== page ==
Judge grants Wells Fargo Bank's motion for summary judgment in Miami Gardens' home loan discrimination suit

By Justin Stoltzfus | Jul 9, 2018

MIAMI – A judge in the U.S. District Court for the Southern District of Florida, Miami Division, recently granted Wells Fargo Bank's motion for a summary judgment in suit brought by the city of Miami Gardens that alleged the bank engaged in discriminatory lending practices in violation of the Fair Housing Act.

MIAMI – A judge in the U.S. District Court for the Southern District of Florida, Miami Division, recently granted Wells Fargo Bank's motion for a summary judgment in suit brought by the city of Miami Gardens that alleged the bank engaged in discriminatory lending practices in violation of the Fair Housing Act.

In an order written June 29, U.S. District Judge Federico Moreno granted the motion for summary judgment on the part Wells Fargo Bank against Miami Gardens.

In its suit against Wells Fargo, the city alleged that loans made to white borrowers within the city were, on the whole, not as costly as loans made to African-American and Hispanic borrowers, the court filing said. Defaults and foreclosures resulting from high mortgage payments had an adverse effect on the city's tax revenue, the court filing said.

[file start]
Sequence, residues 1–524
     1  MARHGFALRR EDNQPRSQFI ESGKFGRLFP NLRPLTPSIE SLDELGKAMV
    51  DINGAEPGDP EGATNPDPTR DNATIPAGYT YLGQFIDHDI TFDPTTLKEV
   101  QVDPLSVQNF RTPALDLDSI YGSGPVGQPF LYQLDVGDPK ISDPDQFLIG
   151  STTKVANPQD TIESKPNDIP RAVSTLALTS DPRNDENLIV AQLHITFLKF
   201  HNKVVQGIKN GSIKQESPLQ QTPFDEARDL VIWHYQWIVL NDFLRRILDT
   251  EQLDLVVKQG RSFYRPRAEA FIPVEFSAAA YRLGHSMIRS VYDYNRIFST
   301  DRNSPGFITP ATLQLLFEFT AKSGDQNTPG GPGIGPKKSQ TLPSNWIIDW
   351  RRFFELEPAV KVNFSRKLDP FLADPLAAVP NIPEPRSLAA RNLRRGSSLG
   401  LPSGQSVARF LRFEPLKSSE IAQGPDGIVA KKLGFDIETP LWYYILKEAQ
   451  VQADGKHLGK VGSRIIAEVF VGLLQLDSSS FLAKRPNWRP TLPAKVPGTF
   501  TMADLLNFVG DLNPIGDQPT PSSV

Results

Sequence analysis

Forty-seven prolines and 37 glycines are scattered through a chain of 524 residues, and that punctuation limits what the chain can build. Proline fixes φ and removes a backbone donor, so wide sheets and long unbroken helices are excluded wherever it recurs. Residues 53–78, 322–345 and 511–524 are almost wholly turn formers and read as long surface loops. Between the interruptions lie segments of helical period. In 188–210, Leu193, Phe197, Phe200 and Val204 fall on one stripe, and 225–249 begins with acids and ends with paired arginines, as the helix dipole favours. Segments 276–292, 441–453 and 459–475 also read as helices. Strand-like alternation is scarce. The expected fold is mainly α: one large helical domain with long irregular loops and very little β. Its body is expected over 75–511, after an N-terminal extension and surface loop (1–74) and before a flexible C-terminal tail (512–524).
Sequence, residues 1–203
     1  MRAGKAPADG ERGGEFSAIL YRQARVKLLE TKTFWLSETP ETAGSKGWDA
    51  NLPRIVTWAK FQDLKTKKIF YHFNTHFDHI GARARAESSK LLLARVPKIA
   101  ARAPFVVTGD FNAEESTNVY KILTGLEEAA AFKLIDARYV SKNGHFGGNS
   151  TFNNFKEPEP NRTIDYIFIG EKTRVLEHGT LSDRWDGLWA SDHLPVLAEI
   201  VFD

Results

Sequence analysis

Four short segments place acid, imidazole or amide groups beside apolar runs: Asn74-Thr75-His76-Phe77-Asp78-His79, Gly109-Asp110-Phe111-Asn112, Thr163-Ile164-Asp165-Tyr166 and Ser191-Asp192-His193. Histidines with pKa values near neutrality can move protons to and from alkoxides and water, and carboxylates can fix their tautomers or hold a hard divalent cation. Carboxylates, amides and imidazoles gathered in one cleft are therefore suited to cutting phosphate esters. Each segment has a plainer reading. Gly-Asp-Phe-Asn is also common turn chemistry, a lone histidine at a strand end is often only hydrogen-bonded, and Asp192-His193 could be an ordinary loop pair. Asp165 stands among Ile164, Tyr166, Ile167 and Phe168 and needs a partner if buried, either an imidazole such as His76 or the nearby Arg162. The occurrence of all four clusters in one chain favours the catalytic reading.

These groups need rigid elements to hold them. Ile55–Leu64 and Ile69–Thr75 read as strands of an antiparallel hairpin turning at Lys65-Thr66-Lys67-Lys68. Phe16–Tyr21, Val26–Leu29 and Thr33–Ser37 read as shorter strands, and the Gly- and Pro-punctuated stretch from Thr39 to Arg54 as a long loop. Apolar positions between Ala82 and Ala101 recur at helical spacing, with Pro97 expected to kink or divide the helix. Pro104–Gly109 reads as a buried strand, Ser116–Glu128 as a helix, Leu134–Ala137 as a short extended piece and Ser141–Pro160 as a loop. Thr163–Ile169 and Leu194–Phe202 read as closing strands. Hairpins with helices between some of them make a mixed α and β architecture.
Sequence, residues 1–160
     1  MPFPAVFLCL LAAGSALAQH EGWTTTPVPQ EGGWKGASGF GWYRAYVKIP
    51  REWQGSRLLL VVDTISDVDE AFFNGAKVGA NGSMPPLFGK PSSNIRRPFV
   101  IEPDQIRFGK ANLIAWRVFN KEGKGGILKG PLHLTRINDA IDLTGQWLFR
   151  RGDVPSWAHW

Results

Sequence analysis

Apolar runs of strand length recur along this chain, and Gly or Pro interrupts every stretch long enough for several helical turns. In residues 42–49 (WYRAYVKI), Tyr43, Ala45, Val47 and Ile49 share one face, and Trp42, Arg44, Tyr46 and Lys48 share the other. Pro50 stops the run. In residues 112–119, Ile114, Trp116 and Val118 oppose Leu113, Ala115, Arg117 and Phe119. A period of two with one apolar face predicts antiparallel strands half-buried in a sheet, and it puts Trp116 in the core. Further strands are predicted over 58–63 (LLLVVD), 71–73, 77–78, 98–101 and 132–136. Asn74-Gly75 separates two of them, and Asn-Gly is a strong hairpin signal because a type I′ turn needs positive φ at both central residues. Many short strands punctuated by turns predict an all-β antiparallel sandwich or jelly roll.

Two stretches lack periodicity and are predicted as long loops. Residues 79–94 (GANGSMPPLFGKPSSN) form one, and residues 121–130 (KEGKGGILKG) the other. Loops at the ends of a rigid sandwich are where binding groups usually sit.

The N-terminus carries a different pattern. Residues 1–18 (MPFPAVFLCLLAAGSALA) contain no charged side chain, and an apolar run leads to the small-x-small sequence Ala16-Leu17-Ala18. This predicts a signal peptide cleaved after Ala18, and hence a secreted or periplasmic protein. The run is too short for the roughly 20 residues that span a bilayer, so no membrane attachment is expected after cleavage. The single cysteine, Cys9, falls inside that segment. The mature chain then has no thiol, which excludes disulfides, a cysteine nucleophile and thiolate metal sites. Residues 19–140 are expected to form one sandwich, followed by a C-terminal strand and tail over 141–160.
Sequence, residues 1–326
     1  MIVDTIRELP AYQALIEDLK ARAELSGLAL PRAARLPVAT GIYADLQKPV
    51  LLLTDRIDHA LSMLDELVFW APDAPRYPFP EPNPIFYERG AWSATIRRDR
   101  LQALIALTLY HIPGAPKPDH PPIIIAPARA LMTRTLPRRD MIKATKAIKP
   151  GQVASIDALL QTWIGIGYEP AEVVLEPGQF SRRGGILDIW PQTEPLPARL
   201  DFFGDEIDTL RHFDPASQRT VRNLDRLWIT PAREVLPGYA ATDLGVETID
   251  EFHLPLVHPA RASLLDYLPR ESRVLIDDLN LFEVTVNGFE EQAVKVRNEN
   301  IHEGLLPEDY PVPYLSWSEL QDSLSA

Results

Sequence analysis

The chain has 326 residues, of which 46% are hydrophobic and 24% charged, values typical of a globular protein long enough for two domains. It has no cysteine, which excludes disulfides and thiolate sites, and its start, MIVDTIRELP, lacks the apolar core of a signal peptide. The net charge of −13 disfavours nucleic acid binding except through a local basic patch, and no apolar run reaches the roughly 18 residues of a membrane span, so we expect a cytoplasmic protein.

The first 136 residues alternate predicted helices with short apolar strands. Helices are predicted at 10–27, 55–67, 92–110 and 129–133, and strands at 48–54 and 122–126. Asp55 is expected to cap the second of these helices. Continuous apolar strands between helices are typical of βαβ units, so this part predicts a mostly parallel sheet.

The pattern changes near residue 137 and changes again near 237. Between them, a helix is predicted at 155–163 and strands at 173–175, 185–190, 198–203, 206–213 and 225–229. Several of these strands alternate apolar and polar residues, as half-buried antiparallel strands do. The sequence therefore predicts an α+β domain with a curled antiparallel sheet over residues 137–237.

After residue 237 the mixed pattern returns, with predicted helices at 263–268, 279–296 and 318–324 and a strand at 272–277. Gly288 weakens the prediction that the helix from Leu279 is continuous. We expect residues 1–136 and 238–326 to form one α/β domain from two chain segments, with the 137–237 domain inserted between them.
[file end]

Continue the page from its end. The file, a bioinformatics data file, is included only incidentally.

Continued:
As the court considered the case, it charged the city to show specific predatory practices within the city limits and specific cases that show an injury traced to the actions of Wells Fargo and how it loaned to borrowers in Miami Gardens. The court also looked at the issue of standing under the Fair Housing Act.

The city characterized Wells Fargo as “steering” minorities into certain types of loans that generally had more difficult terms – citing subprime and balloon payment loans, as well as other various types of problematic loan products.

Judge Moreno found that the city failed to make a prima facie case for a Fair Housing Act violation within the limitations period cited.

“The court need not decide whether the city's failure to show an injury in the limitations … requires summary judgment,” the court wrote. “The court grants the motion for summary judgment, finding even if the city could state a prima facie case by providing nearly identical comparators, the city ultimately cannot carry its burden to show by a preponderance of the evidence that Wells Fargo's reasons for the price differentials were mere pretext for discrimination.”

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